To wash a wool cover, simply handwash in cold water using the wool wash of your choice. It is important that the wool wash contains lanolin. If you need to lanolize your cover between washings, try dissolving one tablespoon of lanolin in a cup of very hot water. Cool the water to the point that it feels warm and then press the cover into the water. Swish it around gently. Drain the water and roll the cover in a towel to remove excess water (do not rinse). Lay the cover flat to dry.

Dealing with Poopy Messes
Sometimes baby poo will get on the wool cover. If this happens, just rinse that part of the cover under cold water until the stain is gone, pat and then hang to dry. If an odor remains, follow the directions above for washing the cover.

When is it time to wash?
If your wool diaper cover smells like urine or like poo, its time to wash. A wool wash with a high lanolin content and high quality felted wool will increase the amount of time between washings.

Cloth Diapering FAQ

Cloth Diaper FAQ's

My baby is in a daycare center. Will I be able to cloth diaper?

More and more daycare centers are open to the idea of using cloth diapers. Most daycares that allow cloth diapers will only allow all-in-one cloth diapers. They will require that you provide a place to store used diapers and that you take your diapers home with you each night for washing. Be aware that your daycare center may be governed by state regulations related to diapering. You may find that initial discussion with the daycare more successful if you take the time to educate yourself about laws in your state first. Home-based or private daycare providers are probably going to be more willing to cloth diaper your child. Remember that ease of use is going to be an essential bargaining chip! Because public perception of cloth diapering still revolves primarily around flat diapers, vinyl diaper covers and pins, it may help to have one diaper from the system of your choice on hand that you can use to demonstrate the ease of use.

What about overnight diapering?

I've found that the best overnight solutions are either All-in-ones with a doubler or pocket diaper stuffed with a couple stay dry liners and a double(which is what I use). It may be a little bulky, but it lasts for my heavy wetter 10+ hours.

What do I do about the poop?

Good question! It is important to note that it is EASY! Modern inventions (like flushable liners and the diaper sprayer) have taken the grossness factor out of this issue.

First of all, your baby will go through different stages as they grow. Poop tends to change as your baby grows.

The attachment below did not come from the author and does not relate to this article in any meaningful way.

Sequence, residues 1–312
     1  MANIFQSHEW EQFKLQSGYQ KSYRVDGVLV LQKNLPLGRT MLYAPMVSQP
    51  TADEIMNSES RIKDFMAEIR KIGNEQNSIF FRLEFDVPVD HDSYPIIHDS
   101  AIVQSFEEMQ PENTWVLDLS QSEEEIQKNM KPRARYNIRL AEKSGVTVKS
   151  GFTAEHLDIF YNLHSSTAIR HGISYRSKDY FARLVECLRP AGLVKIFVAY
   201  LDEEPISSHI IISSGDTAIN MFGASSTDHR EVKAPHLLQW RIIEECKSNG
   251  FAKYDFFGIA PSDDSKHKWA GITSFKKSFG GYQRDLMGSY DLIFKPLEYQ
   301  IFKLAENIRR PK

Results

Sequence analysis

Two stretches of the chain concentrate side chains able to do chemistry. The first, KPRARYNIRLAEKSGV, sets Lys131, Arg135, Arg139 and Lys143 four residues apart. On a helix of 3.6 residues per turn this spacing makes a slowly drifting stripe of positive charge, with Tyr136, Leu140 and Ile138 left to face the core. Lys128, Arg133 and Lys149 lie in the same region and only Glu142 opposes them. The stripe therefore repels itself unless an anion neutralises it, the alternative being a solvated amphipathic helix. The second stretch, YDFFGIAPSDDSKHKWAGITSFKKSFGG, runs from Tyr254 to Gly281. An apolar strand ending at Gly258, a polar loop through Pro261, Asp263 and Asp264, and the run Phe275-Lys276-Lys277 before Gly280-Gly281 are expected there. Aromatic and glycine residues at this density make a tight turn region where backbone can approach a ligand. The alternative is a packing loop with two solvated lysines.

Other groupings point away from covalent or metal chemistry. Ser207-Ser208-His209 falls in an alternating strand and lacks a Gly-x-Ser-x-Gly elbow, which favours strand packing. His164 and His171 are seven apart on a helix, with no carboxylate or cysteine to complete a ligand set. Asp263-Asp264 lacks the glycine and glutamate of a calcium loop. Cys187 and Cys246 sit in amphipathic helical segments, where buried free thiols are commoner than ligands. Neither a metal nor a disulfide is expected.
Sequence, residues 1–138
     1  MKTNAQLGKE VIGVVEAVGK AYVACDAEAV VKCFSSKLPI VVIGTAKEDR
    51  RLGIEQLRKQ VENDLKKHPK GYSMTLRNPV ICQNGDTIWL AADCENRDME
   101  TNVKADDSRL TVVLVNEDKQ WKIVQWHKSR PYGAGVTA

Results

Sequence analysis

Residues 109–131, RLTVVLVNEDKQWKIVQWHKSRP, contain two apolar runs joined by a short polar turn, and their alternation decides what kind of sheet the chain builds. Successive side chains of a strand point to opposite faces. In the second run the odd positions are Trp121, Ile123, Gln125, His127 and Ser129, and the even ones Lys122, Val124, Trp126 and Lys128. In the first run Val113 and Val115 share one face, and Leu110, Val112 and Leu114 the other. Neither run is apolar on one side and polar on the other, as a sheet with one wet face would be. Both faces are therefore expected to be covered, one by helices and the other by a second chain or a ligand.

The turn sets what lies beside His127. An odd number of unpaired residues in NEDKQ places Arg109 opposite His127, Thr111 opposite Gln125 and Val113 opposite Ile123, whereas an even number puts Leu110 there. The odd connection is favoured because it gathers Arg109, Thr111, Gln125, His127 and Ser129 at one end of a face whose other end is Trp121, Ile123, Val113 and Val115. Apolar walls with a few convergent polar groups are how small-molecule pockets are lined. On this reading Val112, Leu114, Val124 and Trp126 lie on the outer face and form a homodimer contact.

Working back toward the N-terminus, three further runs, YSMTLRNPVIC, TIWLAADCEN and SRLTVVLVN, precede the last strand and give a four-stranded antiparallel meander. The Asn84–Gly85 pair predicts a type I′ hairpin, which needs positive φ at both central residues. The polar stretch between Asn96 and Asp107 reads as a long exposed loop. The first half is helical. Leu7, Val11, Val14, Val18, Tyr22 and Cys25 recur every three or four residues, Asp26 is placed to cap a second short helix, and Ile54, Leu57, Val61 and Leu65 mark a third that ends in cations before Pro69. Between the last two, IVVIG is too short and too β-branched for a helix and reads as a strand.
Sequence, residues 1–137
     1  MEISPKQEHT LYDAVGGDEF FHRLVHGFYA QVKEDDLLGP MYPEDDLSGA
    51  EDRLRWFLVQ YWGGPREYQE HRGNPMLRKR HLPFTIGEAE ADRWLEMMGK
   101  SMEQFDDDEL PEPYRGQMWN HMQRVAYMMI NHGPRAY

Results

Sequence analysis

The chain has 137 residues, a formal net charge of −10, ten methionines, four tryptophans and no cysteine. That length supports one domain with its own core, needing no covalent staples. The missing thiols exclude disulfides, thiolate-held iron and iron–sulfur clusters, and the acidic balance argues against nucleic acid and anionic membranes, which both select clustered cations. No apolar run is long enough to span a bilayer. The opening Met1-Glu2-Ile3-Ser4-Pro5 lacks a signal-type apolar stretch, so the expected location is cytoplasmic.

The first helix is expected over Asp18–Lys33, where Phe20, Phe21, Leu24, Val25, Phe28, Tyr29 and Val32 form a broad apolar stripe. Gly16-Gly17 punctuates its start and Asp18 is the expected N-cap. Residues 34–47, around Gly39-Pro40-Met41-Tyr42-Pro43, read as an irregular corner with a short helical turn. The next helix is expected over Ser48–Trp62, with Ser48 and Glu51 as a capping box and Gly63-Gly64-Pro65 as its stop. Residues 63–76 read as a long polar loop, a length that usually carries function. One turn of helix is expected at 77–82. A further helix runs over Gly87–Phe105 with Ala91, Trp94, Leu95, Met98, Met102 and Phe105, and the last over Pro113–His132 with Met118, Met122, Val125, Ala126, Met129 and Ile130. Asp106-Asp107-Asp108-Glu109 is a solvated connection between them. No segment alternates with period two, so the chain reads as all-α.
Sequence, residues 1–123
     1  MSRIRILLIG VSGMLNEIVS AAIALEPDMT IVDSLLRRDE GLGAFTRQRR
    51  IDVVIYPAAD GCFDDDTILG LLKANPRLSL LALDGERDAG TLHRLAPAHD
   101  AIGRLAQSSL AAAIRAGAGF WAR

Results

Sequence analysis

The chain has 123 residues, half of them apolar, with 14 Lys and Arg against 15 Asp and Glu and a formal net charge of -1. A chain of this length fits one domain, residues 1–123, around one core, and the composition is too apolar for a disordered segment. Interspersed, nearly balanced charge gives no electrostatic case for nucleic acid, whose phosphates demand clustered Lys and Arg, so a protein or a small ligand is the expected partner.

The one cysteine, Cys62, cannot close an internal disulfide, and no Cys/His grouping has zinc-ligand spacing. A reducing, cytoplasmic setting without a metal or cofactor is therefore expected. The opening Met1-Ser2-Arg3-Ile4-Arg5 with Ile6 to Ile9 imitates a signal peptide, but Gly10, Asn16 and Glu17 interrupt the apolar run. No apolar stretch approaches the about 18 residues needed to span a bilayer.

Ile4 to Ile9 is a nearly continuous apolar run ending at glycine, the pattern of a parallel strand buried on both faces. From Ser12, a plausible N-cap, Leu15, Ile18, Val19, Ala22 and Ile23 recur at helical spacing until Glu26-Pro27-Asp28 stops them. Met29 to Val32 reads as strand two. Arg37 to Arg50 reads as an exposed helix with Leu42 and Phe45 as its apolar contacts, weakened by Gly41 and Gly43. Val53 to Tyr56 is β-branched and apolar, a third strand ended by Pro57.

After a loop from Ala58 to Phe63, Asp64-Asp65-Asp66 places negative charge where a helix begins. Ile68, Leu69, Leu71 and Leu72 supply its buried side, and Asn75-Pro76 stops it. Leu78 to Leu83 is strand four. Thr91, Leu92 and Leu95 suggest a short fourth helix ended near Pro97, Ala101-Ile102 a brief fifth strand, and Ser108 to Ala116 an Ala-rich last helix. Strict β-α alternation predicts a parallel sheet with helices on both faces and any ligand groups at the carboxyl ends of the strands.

1. Breastfed baby poop is water soluble. You do not need to remove breastfeed baby poop before washing.

  2. Around 4-6 months of age, many babies start solids through cereal. At this point, stools transition to a thicker "peanut butter" consistency. For best results, this should be removed (as much as possible) from your diapers prior to washing.

  3. Formula fed and older babies typically have firmer stools. This should also be removed from your diapers prior to washing.

The solutions below are what are commonly recommend to families.

  1. Flushable diaper liners: Laid inside the diaper allow the poop to be easily removed from the diaper. Just peel the biodegradable liner out of the diaper and flush the mess away.

  2. Diaper sprayers are another fantastic solution. This handy little device attaches to the plumbing behind your toilet and allows you to easily spray the mess off. The small holes and concentrated spray allows the Minishower to do a better job cleaning diapers off than any other sprayer available. The Minishower does double duty during potty training as it cleans out potty chairs. The adjustable spray can also be used for feminine hygiene during the postpartum period.

  3. It is easy to shake firmer stools off of the diaper into the toilet (no spray or liner required).

  4. In a pinch, good old fashioned dunking will get the job done.

Will my house smell like a diaper pail?

You shouldn't have anymore odor that you experience with disposable diapers. Many cloth diapering parents actually claim to smell less diaper pail odor when using cloth diapers simply because their cloth diapers aren't full of perfumes (like disposables).

Deo-disks are an inexpensive way to deal with diaper pail odor. These non-toxic deodorizers smell like citrus and do a great job cutting down on diaper pail odor. These deodorizing disks are used and recommended by diaper services. There are a variety of pail powders out there, and a few instructions on how to make your own, which is really rather easy(email me for recipe). The best way to combat diaper pail odor is to wash cloth diapers frequently, at least every other day. Finally, be sure that your diaper pail has a lid on it and keep it closed.

More About Diaper Fasteners

You have many choices when looking into diaper fasteners. Use this table to help you decide which one is right for you!

Diaper pins - Usually made of metal and having a plastic or metal head, a diaper pin has a sharp end that is used to pierce through two layers of fabric to secure them together.
Pro - Tried and true. This was what your mom probably used. Doesn't wear out often.
Con - Risk of poking baby. Sometimes its difficult to push a pin through the fabric. Tough to use when diapering a wiggly toddler or baby.